30 Years of the Americans with Disabilities Act
Today is the 30th anniversary of the Americans with Disabilities Act of 1990 (ADA). Thirty years is not very long when you consider Americans elected (largely unknowingly) a disabled president in 1932. On the other hand, it seems an eternity ago given Americans elected a president who mocks disabled people just 4 years ago.
The ADA was crafted before the web we know today and is therefore silent on it as a platform, though there is existing case law to support the ADA’s application to the web. If you need evidence that companies on their own do not see the value of accessible sites, remember that Domino’s took its fight all the way to the Supreme Court in 2019, where it was dealt a de facto loss.
During a pandemic, web sites are sometimes the only way for people with disabilities to conduct business or access the services they need, making digital accessibility even more important today. It is unsurprising you will see the big players, such as Apple or Microsoft, touting their accessibility chops, even if it is surprising the top US-based digital accessibility consulting firms do not even mention the ADA anniversary on their home pages.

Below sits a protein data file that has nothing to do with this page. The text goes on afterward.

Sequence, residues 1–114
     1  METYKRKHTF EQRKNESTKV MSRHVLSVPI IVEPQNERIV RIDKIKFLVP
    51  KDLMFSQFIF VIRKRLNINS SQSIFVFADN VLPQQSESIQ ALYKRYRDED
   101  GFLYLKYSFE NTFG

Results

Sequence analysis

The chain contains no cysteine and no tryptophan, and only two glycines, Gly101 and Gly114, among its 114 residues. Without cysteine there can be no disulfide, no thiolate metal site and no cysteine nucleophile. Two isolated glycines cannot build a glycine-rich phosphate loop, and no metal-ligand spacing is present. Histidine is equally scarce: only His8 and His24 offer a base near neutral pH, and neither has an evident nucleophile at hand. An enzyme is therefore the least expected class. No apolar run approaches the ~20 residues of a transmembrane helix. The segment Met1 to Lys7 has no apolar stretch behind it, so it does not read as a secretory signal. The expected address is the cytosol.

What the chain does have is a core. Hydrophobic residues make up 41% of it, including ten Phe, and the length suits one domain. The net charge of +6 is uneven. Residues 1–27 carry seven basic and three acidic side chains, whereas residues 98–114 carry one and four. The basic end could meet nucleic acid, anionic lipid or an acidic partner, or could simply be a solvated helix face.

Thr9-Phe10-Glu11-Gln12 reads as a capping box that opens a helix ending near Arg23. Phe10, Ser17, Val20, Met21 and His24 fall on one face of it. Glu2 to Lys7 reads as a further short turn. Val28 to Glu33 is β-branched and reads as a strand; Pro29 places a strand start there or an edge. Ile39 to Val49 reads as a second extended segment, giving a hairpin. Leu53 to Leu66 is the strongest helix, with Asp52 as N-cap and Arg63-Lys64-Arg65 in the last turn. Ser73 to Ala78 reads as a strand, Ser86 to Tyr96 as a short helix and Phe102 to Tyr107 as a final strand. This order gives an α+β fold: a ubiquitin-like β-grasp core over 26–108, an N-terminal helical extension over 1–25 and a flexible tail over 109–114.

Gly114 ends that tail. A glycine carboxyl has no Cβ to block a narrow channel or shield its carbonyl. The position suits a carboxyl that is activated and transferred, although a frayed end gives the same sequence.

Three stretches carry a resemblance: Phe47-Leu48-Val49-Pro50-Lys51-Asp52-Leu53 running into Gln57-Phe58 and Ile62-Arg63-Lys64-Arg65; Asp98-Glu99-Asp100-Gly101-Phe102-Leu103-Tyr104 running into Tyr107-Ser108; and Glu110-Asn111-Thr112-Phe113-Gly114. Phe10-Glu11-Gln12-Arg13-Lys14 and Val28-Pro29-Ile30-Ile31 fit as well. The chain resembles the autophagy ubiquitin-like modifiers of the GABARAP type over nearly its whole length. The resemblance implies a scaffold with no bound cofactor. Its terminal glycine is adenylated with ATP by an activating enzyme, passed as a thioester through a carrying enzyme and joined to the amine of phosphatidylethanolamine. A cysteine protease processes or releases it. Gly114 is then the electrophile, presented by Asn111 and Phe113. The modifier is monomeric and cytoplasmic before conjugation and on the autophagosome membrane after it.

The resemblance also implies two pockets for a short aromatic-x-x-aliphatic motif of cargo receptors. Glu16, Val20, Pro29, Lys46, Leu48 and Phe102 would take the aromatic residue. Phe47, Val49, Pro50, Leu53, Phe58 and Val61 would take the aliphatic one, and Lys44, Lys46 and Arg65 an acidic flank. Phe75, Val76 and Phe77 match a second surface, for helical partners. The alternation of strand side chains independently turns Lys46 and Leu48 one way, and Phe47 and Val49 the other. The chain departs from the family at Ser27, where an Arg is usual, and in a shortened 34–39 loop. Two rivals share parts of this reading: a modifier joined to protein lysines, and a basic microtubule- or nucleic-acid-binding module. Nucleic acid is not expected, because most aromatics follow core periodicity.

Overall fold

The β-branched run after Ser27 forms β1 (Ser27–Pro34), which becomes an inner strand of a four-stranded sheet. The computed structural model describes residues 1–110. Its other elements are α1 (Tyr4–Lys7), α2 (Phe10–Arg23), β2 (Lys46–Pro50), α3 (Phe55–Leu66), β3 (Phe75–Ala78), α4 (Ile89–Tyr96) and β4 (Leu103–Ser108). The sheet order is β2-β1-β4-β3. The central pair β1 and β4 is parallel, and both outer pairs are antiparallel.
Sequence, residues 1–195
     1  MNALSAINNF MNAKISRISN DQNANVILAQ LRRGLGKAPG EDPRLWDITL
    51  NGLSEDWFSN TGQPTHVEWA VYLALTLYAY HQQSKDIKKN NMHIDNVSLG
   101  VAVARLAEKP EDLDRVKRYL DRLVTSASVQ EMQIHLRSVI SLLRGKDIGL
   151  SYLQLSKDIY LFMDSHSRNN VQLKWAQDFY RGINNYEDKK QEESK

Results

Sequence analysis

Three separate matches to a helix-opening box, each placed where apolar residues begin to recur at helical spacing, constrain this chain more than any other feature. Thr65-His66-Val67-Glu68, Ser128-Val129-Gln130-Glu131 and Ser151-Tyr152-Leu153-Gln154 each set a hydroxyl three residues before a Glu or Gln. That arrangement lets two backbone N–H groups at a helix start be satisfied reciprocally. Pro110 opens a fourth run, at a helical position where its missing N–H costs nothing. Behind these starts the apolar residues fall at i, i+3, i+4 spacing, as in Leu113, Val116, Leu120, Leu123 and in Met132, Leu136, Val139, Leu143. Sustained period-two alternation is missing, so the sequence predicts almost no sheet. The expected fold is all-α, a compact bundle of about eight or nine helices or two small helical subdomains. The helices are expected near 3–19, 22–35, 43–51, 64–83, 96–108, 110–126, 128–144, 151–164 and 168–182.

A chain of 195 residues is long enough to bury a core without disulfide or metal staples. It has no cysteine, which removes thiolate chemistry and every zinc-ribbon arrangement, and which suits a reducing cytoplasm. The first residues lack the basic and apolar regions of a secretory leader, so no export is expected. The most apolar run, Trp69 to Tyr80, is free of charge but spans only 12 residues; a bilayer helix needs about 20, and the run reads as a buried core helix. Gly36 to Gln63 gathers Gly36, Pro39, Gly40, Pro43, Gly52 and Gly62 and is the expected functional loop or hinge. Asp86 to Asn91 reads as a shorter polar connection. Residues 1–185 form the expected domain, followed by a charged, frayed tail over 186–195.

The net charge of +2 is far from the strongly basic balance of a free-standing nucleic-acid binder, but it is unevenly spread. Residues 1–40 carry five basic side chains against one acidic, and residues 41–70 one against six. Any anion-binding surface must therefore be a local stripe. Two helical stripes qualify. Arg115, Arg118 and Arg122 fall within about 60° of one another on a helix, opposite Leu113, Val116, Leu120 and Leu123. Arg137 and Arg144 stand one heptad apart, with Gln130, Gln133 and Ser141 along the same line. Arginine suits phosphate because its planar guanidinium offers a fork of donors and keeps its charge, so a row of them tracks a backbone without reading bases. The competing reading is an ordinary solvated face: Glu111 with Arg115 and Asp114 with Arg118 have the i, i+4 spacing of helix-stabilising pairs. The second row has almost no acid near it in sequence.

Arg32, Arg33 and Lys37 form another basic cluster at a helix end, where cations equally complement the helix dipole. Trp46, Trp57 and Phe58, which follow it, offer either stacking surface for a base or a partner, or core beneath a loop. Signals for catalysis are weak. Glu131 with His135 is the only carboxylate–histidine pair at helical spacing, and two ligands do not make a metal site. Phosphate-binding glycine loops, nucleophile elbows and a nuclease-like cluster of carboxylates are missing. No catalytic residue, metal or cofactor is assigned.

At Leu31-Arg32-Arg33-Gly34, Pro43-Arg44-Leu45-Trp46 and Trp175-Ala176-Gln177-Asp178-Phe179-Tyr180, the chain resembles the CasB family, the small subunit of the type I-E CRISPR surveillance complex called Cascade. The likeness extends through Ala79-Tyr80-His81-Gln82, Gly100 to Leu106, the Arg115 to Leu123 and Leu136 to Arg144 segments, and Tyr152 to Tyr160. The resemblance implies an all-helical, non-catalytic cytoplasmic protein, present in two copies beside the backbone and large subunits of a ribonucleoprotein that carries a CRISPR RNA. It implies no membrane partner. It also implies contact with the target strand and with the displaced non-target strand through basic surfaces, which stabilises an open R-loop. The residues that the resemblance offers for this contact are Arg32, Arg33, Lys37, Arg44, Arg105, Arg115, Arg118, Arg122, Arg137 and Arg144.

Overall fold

Instead of continuing to wander through the digital accessibility landscape, I would like to direct you to some history instead. The 99% Invisible radio program / podcast has made a couple worth grabbing if you have not heard them yet.
Curb cuts, the ramps that connect sidewalks and streets, are often presented as the perfect example of how universal design benefits everyone. Wheelchair users are not the only ones who benefit from curb cuts, but strollers, skateboaders, luggage draggers, delivery folks, and so many more take something for granted that required a genuine fight to make happen.
Most of us have likely heard of Braille. Until the advent of audio books, it was one of the few ways blind readers could independently enjoy printed materials, though not the only way. Similarly, you may see more and more museums or galleries that have tactile exhibits (or even maps) to serve a similar purpose. This episode goes into some of that history, though the second half focuses on the Octophone.